Recidivist rapist and serial predator Colin Jack Mitchell has been sent to prison indefinitely for two brutal and sexually motivated attacks on women in Auckland 25 years apart.
In March, on the day Mitchell turned 60, a jury found him guilty of abducting a young woman from Ponsonby then wounding and assaulting her at a quarry in Riverhead, West Auckland.
After the same trial Mitchell was found guilty of the historic unsolved rape of a West Auckland mum in 1992.
In the High Court at Auckland this morning Justice Sally Fitzgerald sentenced Mitchell to preventive detention for the offending and imposed a further sentence of preventive detention.
Preventive detention is an indeterminate prison sentence where, even if prisoners are released on parole, they remain under the management and monitoring of Corrections for the rest of their life.
Sentencing began with the 24-year-old woman Mitchell attacked at the quarry reading a Victim Impact Statement.
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The contents of her statement were suppressed by Justice Fitzgerald, meaning the Herald cannot report what the survivor told the court.
The woman was emotional but was able to tell the court about the significant impact Mitchell's brutal offending had on her.
As she read, Mitchell sat in the dock, his face expressionless.
The quarry attack survivor supported in court by family members and a woman Mitchell raped in 1984 - whose case was referred to during the trial as propensity evidence by the Crown.
Other friends and family, and the team of police who led the investigation into Mitchell's offending, were also in court.
Crown Prosecutor Kirsten Lummis said the victim was still "fighting back" to return to her normal daily life after the "sheer terror" Mitchell inflicted on her.
"And incident that is only a moment in time - less than an hour - for the victim has repercussions that can last and will last a lifetime," she said.
The 1992 survivor was not in court and did not provide a Victim Impact Statement but Lummis said the woman's evidence during the trial clearly showed the ongoing effects of her ordeal.
Lummis said there were significant aggravating factors to both the 1992 and 2017 attacks.
She said there was planning, premeditation and the only appropriate sentenced was preventive detention.
"In light of the lengthy period of offending," Lummis said.
"Yes, there are gaps but the Crown submits that does not detract from the nature of the offending."
Defence lawyer Mark Ryan said a "lengthy determinate sentence was preferable".
He said the gap between offending, 25 years between Riverhead and the 1992 attack and a seven year period between that and his 1984 rape, showed there was "no pattern" to Mitchell's actions.
He suggested a determinate sentence followed by an extended supervision order would be more appropriate.
The Parole Board would be responsible for making such an order but Ryan suggested Justice Fitzgerald could "endorse" it in advance.
After hearing from the Crown and defence, Justice Sally Fitzgerald outlined the facts of his offending.
She said the Victim Impact Statement showed the "devastating effect" of Mitchell's crimes.
"Your offending and its aftermath… have been an understandingly harrowing ordeal," she said.
Justice Fitzgerald acknowledged the dignity of both victims throughout the court process.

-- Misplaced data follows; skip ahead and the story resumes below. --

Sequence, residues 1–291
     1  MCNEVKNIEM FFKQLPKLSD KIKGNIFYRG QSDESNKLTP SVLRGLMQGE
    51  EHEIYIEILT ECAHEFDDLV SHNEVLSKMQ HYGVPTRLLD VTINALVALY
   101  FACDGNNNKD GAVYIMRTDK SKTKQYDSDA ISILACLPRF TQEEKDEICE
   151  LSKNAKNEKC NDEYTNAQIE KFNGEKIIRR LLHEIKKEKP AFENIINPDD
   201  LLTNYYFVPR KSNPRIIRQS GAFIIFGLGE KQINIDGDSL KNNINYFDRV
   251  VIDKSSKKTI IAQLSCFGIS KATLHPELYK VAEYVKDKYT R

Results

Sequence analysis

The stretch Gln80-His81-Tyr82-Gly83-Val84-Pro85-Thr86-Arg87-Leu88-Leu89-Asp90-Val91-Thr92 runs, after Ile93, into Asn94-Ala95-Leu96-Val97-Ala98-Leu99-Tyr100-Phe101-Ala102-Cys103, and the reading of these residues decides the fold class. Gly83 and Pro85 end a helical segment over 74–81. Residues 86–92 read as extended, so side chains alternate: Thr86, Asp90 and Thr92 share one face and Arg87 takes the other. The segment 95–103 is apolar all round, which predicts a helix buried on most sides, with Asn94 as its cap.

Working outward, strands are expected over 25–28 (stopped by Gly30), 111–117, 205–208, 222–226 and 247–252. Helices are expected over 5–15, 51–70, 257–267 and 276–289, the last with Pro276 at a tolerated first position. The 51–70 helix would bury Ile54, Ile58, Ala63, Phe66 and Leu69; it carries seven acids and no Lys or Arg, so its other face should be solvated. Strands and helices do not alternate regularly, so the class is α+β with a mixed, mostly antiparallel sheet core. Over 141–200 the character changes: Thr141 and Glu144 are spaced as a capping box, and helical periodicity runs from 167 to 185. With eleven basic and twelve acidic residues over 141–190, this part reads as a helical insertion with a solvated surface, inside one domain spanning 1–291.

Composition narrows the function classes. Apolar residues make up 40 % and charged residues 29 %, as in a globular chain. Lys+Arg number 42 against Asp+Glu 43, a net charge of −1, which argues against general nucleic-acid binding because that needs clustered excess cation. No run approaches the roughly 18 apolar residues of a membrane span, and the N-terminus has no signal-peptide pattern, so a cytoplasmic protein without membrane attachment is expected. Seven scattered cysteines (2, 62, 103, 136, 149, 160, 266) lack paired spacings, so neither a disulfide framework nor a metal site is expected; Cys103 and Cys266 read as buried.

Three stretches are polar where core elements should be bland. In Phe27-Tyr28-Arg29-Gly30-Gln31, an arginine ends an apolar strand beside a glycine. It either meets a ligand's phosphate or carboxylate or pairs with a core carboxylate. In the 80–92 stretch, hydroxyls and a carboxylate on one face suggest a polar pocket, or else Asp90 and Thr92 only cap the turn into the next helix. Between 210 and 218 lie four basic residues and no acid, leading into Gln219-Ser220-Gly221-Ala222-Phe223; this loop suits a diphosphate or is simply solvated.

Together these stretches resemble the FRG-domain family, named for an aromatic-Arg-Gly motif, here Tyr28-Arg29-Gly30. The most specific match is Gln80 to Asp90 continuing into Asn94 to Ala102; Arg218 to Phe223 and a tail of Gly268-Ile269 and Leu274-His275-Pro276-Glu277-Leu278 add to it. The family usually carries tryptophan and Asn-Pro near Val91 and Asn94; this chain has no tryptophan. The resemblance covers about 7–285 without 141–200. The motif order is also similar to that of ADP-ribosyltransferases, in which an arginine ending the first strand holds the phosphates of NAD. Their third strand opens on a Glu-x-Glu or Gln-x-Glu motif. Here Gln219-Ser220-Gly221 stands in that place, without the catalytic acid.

She said the sentence had to reflect the seriousness of offending, denounce his actions and protect the community from him in future.
She said called Mitchell's offending was "disturbing".
In both 1992 and 2017 he and he knowingly took advantage of vulnerable women with a high degree of planning and premeditation.
Serious violence was evident in both cases.
Expert reports submitted to the court revealed Mitchell was at a high risk of reoffending - particularly sex offending against vulnerable adult females who are strangers to him.
He continued to deny his offending and minimised previous offending - but only incidents he was prepared to acknowledge.
Justice Fitzgerald said Mitchell had health issues including bladder cancer and diabetes and claimed he had been subjected to violence at the hands of his father when he was a child.
But she could give him no discount in sentencing for those factors as he had shown a "clear and disturbing pattern of sexual offending".
"Over decades… your sexual deviancy has not diminished over time and escalated ins seriousness," she told Mitchell.
She said Mitchell's predatory nature offending against strangers, his seeking out of vulnerable victims, violence, threats of further violence and removal of victims to remote locations to avoid detections meant the community needed to be protected for him.
She had "no doubt" Mitchell would reoffend in future.
"There is no basis for me to conclude that it will stop," she said.
She sentenced Mitchell to preventive detention and ordered him to serve at least 10 years before he becomes eligible for parole.
What Colin Jack Mitchell did
On March 2, following a 12-day trial, Mitchell was found guilty of six charges relating to two sexually motivated attacks 25 years apart.
In 2017 Mitchell kidnapped a young woman walking home from the annual pride parade in Ponsonby.
He drove her to a quarry in Riverhead and assaulted her, with an intent to sexually violate her, and threatened to kill her.
He was also found guilty of raping a woman in May 1992 - a crime that he was tried for after DNA evidence found in the quarry attack linked him to a historic sex crime.
Mitchell has served time for sexual offending previously.
He was sent to prison for five years after raping a 19-year-old in 1984.
Details of the assault were revealed to the jury during the trial after the Crown successfully applied to use propensity evidence as part of their case.